Hazing Prevention

This page is a resource for students, staff, faculty, alumni, parents and others interested in learning about hazing within student groups at SUNY Geneseo.

"I stand up against hazing because I believe in human dignity.

Will Labate, Student Association

"As a Geneseo Ice Knights Hockey player I simply don't condone hazing because it puts unneeded pressure on students here at Geneseo to make improper decisions.

- Colin De Jersey, Student Athlete 

What You Should Know

  • Hazing is a violation of SUNY Geneseo policy and New York State law.
  • Hazing takes various forms, but typically involves physical risks or mental distress through, for example, humiliating, intimidating, or demeaning treatment.
  • Hazing can cause significant harm to individuals, groups and the College.
  • Hazing has occurred in fraternities, sororities, athletic teams, performance groups, and other organizations.
  • Groups that haze often view it as positive and necessary.
  • Groups that haze can achieve the positive outcomes they seek from hazing through non-hazing means.

So what exactly is hazing?

College policy defines hazing as any act, explicit or implicit, committed by a person, whether individually or in concert with others, against a student in connection with pledging, being initiated into, affiliating with, holding office in, or maintaining membership in any organization or team and which is intended to have the effect of, or should reasonably be expected to have the effect of, humiliating, intimidating or demeaning the student or endangering the mental or physical health of the student, regardless of the person's willingness to participate. Hazing also includes soliciting, directing, aiding, or otherwise participating actively or passively in the above acts. 

But how do you know if an activity is hazing? Ask yourself these questions:

  • Is alcohol involved?
  • Will active/current members of the group refuse to participate with the new members and do exactly what they're being asked to do?
  • Does the activity risk emotional or physical abuse?
  • Is there risk of injury or a question of safety?
  • Do you have any reservation describing the activity to your parents, to a professor, or College official?
  • Would you object to the activity being photographed for the school newspaper or filmed by the local TV news crew?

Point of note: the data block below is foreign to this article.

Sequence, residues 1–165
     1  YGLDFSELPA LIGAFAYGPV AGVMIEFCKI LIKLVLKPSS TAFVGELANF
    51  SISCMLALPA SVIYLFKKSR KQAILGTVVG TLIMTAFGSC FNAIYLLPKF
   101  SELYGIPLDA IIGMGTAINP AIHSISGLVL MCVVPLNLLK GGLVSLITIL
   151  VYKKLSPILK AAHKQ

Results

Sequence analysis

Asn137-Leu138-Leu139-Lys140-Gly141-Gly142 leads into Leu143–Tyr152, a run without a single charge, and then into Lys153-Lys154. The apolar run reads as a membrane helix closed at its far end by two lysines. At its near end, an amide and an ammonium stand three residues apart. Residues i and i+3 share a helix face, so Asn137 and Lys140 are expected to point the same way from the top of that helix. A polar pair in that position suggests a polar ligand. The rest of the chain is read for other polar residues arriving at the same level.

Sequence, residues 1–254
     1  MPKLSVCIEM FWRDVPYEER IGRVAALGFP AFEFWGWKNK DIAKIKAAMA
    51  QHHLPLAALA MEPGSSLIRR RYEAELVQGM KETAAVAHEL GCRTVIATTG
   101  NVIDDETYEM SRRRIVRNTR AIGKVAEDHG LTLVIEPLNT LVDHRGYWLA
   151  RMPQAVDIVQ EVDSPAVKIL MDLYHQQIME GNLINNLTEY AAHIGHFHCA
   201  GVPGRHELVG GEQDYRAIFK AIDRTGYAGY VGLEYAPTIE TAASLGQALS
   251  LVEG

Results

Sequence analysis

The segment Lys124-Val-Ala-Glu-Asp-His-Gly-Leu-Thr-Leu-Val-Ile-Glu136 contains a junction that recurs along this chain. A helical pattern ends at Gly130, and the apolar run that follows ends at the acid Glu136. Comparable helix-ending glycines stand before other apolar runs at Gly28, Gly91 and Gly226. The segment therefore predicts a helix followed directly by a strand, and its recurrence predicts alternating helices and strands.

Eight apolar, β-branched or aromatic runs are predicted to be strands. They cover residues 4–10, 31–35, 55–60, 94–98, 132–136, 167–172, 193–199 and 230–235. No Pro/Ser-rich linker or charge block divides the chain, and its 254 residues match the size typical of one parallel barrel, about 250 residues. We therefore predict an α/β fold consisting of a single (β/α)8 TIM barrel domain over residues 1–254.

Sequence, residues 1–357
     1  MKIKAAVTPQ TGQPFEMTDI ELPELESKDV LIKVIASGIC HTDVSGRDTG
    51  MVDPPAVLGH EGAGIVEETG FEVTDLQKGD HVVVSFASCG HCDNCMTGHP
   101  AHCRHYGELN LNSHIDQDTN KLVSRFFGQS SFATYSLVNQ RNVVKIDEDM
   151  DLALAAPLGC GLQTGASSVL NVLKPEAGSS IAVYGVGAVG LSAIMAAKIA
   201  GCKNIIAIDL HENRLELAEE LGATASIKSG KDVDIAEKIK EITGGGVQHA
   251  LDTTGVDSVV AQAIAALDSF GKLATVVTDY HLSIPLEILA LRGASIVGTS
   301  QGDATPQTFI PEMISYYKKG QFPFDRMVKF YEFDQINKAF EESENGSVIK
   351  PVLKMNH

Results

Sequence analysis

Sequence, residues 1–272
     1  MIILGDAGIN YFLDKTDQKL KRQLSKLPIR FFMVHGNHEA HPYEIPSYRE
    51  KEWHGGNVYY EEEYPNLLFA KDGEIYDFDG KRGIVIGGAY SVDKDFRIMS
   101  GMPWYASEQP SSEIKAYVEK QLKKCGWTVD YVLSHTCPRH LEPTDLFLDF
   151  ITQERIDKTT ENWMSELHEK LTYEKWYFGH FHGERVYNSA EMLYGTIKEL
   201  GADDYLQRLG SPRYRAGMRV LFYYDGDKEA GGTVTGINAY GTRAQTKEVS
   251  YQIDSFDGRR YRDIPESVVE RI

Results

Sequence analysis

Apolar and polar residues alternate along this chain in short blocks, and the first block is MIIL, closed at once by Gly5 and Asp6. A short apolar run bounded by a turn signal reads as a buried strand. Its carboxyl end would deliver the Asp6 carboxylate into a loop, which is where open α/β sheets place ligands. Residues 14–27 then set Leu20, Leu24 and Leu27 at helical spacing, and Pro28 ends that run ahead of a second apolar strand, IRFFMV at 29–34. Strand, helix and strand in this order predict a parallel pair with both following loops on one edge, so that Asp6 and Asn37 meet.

If the answer to any of these questions is "yes," the activity is probably hazing.

Hazing Policy From the Student Code of Conduct

Remember - to stop hazing, we must begin with education and strong leaders who care about the future of their organizations!

Find out more information about the Geneseo hazing policy and NY state law at:

http://www.geneseo.edu/handbook/policies_procedures#hazingpolicy

Hazing Brochure

As a member - new or returning - of a student organization at Geneseo you have an obligation to ensure that your organization upholds the principals upon which it was founded, as well as to protect your own dignity.

Check out the Hazing brochure for examples of hazing, hazing myths, and information on how to combat hazing in your organization. http://www.geneseo.edu/webfm_send/7454

Contacts & Resources

In an emergency contact: University Police 585-245-5222

Dean of Students: 585-245-5706
Student Conduct and Campus Standards: 585-245-5714
Greek Affairs office: 585-245-5968
College Union & Activities Office: 585-245-5851
Athletics Director: 585-245-5345

*You can also discuss hazing related events with a Resident Director, Faculty, or Staff member. JUST STAND-UP AND TELL SOMEONE!

Additional Resources

Hazing Prevention: HazingPrevention.org
Stop Hazing: Stophazing.org
The Gordie Foundation: http://www.gordie.org/Education.aspx
National Collaborative for Hazing research: http://www.hazingstudy.org/
Novak Institute: http://www.hazingprevention.org/programs/novak-institute